Beyond them, I’d probably work anywhere. I don’t have a big desire to do TBS or PCO — partly by workloads, partly by formality, etc. Which is odd — because if I want to do “special projects”, TBS is definitely the place to do it. Almost half their department is working on new initiatives at any one time, it seems.
As such, I’m pretty open-minded to having a conversation with anyone about any area. Which sounds odd until you read the next part.
Starting at the top of the “policy chain”, there is research. Most research, at least policy research outside of some parts of the Canadian Space Agency, NRCan, Environment Canada or Health Canada / Public Health, is pretty high-level. Trends, issues, statistical models. Most of it not very useful to anyone until someone takes it and finds a way to turn it into policy-relevant language. There was a job recently in the Chief Public Health Officer’s office working on an annual report — which would take some of that general research and give it a good policy spin, which is a great way to use it. But most policy research elsewhere is often done by researchers who have no idea how to write a policy issue or formulate a recommendation. They just do the research and share it. Which doesn’t interest me at all.
Moving a step down the chain, we come to strategic policy. This is the part where policy analysts take a lot of that dry research, marry it to various policy initiatives of the government, and come up with broad diagnostics, mainly at the macro level, of what is going on in various domains or sectors. I mentioned earlier that I didn’t want to be the sector specialist, and this is the type of area where they tend to hang out. However, within the Strategic Policy area, there are also some other functions. Corporate planning for one, which I would do. But I don’t want to do departmental coordination at a large department like ESDC — we have 25K employees, 50+ programs, etc. Most of what they can do at any one time is the coordination of the input — there’s little opportunity to change the direction, to tell a different story than the individual branches want to do, there’s literally no capacity or time to do it. Other areas tend to be policy coordination shops, and again, in huge departments, they are brutal. That’s where I wasted 18 months trying to do an IPF nobody wanted, and I won’t go back there. It is also where there is a LOT of work going on to do spin around mandate trackers, ministerial commitments, etc. Lots of spin, very little time for actual substance. And again, a LOT of coordination. None of it excites me, even though I have someone in my advisory camp who thinks I should do it because a lot of people aren’t good at it, she thinks I am (and she has very high standards), and I can write fast as well.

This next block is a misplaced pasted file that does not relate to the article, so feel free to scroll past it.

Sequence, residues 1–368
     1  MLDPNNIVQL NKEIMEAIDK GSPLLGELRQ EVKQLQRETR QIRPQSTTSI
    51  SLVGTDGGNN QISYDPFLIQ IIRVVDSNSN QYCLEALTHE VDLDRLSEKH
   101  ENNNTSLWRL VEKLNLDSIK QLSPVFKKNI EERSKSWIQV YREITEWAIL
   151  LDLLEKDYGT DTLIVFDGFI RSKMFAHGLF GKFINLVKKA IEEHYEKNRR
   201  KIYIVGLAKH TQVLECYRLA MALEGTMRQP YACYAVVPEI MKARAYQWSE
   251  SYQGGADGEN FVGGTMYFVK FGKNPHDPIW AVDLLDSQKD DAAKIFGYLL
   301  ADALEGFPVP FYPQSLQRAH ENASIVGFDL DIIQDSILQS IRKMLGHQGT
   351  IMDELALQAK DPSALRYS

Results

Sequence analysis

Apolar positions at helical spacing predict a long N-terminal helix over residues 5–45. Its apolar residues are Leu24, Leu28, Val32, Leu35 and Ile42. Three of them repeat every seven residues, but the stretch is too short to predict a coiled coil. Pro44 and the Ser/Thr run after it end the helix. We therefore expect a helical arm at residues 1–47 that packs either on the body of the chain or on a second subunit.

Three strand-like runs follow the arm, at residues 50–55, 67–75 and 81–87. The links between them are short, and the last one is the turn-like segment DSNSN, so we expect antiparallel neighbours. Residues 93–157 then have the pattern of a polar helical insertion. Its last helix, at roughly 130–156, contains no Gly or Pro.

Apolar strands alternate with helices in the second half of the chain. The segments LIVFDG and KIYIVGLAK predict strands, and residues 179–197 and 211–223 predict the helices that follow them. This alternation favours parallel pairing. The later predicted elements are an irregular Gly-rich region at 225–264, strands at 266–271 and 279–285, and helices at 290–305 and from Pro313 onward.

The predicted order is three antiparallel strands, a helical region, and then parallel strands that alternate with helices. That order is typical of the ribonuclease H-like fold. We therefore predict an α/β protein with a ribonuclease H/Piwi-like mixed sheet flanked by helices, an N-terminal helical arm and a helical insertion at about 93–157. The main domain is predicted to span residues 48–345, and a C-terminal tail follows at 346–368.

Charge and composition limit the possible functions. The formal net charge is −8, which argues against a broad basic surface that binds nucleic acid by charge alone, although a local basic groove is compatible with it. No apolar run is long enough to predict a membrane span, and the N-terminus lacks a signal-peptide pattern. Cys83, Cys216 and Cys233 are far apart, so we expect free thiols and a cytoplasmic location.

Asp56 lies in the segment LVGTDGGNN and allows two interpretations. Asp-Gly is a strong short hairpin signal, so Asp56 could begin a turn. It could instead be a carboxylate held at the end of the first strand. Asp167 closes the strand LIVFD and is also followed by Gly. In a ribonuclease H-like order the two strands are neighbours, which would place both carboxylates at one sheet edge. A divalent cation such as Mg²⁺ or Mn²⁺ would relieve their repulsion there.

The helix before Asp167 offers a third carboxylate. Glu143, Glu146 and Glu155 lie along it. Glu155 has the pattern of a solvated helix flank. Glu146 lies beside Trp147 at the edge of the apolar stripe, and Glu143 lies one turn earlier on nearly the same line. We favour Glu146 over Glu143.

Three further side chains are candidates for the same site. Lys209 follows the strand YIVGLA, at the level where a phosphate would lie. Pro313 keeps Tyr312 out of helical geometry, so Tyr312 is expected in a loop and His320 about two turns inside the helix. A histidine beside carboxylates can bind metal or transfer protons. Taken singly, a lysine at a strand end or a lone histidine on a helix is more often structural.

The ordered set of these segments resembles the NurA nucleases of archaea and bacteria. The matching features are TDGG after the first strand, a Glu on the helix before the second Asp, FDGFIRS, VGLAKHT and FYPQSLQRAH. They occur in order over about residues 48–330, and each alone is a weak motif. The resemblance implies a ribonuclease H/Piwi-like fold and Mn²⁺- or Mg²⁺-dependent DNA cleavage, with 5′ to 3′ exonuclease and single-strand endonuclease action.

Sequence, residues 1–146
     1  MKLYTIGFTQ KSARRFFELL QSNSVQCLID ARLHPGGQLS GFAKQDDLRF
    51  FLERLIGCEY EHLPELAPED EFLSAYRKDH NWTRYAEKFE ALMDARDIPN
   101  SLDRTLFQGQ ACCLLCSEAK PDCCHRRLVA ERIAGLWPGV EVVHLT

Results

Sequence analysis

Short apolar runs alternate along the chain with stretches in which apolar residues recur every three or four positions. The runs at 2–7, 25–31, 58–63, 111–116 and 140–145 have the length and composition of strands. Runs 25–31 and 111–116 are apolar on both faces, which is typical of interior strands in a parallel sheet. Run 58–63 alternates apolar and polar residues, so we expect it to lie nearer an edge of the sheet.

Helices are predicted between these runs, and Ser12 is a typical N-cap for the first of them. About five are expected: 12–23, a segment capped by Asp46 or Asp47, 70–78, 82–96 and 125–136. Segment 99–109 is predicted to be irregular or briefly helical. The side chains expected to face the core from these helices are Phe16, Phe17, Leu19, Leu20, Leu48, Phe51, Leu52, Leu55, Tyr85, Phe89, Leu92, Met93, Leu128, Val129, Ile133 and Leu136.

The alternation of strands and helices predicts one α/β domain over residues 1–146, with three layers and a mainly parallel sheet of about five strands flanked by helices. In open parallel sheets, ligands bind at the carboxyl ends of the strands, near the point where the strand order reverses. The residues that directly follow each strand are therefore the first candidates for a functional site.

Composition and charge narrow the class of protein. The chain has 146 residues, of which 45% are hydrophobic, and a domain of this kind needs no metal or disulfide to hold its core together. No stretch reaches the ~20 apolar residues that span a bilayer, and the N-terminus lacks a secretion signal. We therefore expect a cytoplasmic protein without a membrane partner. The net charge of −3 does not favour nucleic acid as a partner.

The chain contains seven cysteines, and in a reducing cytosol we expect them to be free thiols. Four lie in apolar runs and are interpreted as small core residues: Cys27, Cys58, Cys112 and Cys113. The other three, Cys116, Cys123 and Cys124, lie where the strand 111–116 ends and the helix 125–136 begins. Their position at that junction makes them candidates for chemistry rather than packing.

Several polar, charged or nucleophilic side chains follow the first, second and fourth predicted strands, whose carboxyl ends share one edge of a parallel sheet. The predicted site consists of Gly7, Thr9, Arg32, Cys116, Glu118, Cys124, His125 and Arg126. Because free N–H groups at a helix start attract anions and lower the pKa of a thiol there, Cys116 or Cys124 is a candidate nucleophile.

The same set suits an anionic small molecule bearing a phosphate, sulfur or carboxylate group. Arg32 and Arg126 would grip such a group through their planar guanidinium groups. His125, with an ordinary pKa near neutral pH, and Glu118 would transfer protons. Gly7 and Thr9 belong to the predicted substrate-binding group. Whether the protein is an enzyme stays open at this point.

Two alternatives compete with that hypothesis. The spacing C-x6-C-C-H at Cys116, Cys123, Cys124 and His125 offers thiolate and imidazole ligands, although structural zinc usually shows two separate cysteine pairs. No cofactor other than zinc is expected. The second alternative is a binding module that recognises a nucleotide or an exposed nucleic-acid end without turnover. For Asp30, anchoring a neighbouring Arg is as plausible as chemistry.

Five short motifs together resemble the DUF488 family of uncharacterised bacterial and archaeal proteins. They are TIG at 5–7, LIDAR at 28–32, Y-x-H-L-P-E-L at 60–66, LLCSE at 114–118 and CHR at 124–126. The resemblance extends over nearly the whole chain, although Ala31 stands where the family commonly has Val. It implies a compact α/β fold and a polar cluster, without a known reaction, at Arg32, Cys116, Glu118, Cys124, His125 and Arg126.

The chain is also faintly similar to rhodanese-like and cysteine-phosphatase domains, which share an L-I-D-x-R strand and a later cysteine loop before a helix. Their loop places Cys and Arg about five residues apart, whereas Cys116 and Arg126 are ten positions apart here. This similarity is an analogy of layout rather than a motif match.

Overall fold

A small digression about a skill I have, one that freaks out my current team quite often. We do notes for the ADMs attending Executive Committees, and like most departments, the documents frequently arrive the day before, if we’re lucky. Sometimes late the day before. So, from time to time, we have received all the docs at 4:00 and the meeting is the next morning at 9:00. Perhaps 5 or 6 presentations or reports, all for discussion and approval, and we have perhaps an hour to craft a note. For me, that’s no problem. I am a very fast reader, I have a huge spectrum of knowledge on a lot of different areas in the Branch and Department, and I can pull out the important parts from the decks very quickly. So, from time to time, when the docs are late, I pitch in and send the lead officer my notes/summaries of a few key decks. Sometimes I can read and write the input for the note faster than the lead person can format and put them in the final note, so I’m opening, reading, writing and sending, and they’re copying, pasting and formatting…5 decks in 30 minutes, note ready to go.